She said some people were obtaining fake passports from neighbouring countries where, unlike Zimbabwe, citizens did not need UK entry visas.
But some Foreign Office sources have dismissed her words as alarmist, BBC political editor Nick Robinson said.
It is thought more than 700 people have died in Zimbabwe’s cholera outbreak.
Ms Smith is thought to have told cabinet colleagues that people fleeing Zimbabwe had bought false passports in countries such as South Africa and Botswana.
But asked whether the situation in Zimbabwe could lead to a refugee crisis in the UK, Foreign Office minister Lord Malloch Brown said: "I think crisis is too strong a word for it.
"She [Jacqui Smith] wants to make sure that her border agency is properly prepared for this.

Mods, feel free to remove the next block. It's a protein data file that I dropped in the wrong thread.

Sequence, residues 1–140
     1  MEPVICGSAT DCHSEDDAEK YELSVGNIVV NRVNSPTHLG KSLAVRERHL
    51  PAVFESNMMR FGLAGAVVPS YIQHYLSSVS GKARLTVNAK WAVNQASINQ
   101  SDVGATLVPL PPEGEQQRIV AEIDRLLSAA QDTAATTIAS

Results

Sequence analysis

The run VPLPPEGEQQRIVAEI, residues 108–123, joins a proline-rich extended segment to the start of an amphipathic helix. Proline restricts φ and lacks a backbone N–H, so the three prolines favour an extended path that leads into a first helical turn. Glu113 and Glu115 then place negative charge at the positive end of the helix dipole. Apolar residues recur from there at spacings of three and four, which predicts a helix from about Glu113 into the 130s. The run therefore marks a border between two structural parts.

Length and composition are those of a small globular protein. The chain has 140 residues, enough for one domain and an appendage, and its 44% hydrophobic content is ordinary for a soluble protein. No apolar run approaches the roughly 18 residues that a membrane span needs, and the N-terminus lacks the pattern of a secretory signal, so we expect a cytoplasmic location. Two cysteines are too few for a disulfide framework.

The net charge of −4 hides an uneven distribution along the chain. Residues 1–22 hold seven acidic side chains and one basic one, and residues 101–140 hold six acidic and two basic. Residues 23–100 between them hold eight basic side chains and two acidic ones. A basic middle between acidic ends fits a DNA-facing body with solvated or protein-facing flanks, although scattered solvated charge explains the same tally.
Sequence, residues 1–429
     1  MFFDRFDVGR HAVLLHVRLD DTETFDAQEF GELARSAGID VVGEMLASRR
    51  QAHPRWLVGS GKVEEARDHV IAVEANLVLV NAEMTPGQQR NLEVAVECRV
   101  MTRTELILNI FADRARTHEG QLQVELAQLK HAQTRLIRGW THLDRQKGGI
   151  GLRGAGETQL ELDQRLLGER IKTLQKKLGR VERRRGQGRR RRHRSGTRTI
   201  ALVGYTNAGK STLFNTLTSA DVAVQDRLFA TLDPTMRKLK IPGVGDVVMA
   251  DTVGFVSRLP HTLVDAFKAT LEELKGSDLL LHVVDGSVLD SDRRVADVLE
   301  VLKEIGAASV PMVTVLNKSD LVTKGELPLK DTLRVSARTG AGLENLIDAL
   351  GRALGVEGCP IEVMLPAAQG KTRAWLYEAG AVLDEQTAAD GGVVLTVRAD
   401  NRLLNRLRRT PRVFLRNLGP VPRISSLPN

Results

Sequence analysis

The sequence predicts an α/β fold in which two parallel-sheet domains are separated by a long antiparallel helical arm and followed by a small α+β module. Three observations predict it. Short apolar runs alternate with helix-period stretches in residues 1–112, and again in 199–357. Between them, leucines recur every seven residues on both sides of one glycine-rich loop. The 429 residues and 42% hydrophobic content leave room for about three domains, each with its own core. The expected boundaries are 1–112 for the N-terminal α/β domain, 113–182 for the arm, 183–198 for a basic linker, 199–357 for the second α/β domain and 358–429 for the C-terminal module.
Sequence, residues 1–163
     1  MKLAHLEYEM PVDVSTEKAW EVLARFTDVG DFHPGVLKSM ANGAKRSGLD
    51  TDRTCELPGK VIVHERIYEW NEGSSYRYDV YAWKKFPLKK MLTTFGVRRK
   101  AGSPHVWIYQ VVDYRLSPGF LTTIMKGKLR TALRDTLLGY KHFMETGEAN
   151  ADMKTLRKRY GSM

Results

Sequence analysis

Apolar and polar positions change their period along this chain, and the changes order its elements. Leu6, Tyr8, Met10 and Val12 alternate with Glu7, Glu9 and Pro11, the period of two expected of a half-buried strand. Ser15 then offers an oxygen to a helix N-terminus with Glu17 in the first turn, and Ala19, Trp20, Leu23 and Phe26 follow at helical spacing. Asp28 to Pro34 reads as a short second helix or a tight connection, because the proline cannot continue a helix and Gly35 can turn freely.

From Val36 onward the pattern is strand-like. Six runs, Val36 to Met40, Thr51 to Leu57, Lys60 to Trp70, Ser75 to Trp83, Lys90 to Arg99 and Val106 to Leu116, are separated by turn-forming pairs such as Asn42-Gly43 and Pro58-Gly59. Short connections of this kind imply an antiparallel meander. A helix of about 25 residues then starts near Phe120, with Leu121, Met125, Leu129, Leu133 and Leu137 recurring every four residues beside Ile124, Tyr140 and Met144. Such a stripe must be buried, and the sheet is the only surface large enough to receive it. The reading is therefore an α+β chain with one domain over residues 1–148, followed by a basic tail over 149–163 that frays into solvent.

"She briefed the cabinet on that way, prior to a longer discussion on Zimbabwe."
But our correspondent said the crisis in Zimbabwe was "causing real tension inside the government".
At the moment Zimbabweans arriving in the UK need a visa, while many travelling from the rest of southern Africa do not.
Ms Smith wants that to change that, having been told that a growing number of refugees are entering the UK using false papers.
Zimbabwean President Robert Mugabe said on Thursday that the cholera outbreak had been contained.
However, the UN Office for the Co-ordination of Humanitarian Affairs said the toll from the disease had risen to 783 and that 16,403 people were believed to have been infected.
Save the Children in Harare said these figures were an underestimate and the epidemic was almost certainly worsening. SOURCE: BBC